ZHANG KANGKANG (1950— )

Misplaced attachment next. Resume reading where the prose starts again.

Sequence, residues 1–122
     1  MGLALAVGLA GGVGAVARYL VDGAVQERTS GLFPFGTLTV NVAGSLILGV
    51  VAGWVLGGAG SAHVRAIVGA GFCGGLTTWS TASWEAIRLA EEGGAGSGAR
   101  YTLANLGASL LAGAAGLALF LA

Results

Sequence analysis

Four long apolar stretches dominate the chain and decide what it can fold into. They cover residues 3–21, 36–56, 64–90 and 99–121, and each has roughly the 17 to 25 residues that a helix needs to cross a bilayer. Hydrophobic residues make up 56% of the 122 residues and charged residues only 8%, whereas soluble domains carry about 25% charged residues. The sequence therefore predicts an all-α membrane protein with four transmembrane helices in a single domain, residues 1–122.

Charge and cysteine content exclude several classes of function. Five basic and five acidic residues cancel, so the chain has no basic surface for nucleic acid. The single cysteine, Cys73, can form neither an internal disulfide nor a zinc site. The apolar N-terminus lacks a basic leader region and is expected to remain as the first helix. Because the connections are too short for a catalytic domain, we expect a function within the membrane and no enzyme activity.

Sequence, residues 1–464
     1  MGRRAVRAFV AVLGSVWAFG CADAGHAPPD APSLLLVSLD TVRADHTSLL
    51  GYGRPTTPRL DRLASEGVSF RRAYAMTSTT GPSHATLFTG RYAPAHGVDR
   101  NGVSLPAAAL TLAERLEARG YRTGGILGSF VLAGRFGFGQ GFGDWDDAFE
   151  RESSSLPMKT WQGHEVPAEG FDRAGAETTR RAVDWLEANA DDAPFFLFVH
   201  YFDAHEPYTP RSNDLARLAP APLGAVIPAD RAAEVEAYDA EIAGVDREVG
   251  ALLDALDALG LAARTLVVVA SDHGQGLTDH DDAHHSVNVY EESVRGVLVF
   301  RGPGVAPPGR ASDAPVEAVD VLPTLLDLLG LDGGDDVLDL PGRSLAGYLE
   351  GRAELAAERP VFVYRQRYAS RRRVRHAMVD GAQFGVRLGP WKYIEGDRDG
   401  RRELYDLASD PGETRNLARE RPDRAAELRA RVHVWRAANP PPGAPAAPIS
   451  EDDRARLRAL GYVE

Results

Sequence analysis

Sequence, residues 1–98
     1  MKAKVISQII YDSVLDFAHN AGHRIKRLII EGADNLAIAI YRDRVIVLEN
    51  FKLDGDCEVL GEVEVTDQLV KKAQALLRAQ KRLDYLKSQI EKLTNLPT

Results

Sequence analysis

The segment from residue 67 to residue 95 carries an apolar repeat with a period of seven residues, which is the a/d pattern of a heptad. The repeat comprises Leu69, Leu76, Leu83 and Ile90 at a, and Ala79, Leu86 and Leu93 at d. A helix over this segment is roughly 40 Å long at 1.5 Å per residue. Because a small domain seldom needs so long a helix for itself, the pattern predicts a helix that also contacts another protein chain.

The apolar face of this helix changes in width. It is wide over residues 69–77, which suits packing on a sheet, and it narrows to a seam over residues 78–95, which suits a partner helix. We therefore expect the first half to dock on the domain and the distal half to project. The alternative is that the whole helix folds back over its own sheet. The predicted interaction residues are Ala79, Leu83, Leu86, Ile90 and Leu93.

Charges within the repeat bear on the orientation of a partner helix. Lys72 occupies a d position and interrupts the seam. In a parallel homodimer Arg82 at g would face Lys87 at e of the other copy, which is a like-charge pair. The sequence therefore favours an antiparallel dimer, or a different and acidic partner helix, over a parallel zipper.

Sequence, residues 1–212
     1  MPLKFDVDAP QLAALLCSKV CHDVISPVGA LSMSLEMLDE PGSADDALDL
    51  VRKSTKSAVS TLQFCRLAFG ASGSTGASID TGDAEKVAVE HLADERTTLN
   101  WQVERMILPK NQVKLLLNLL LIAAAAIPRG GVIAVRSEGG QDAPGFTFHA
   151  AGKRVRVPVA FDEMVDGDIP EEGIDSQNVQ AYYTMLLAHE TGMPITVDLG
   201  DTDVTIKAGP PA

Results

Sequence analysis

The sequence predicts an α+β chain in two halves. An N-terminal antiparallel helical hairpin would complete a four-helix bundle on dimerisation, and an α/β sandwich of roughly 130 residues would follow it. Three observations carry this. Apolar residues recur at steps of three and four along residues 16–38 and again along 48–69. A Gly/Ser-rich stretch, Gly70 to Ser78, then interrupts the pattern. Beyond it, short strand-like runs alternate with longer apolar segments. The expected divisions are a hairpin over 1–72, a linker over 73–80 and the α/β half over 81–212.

ZHANG KANGKANG (1950— ). Novelist. Born in Hangzhou, Zhang Kangkang was sent to the wilderness of the northeast to work on a state farm after graduating from middle school. Her first story “Deng” (Lamp) was published in 1972, followed by novels Fenjie xian (The Great Divide), Dandan de chenwu (The Light Morning Mist), Beiji guang (Northern Lights), and Yinxing banlü (The Invisible Companion), plus several short stories, including “Ai de quanli” (The Right to Love). Nearly all of these works portray lives of educated city youth sent to China’s remote countryside. As a member of that generation, Zhang has captured its spirit through her descriptions of the hardships they endured, the idealism they were devoted to, and the purity and romanticism they embodied, as well as the disillusionment and uncertainty they had to confront. Among her later works are the controversial Qing’ai hualang (The Gallery of Romatic Love), Chi tong dan zhu (All Shades of Red), about progressive intellectuals in the first half of the turbulent 20th century, and Zuo nü (The Troublemaking Woman), which depicts an independent woman who refuses to conform to the female stereotypes prescribed by a male-centered society. Zhang currently lives in Harbin and is deputy chairwoman of the Heilongjiang Writers’ Association. See also CULTURAL REVOLUTION.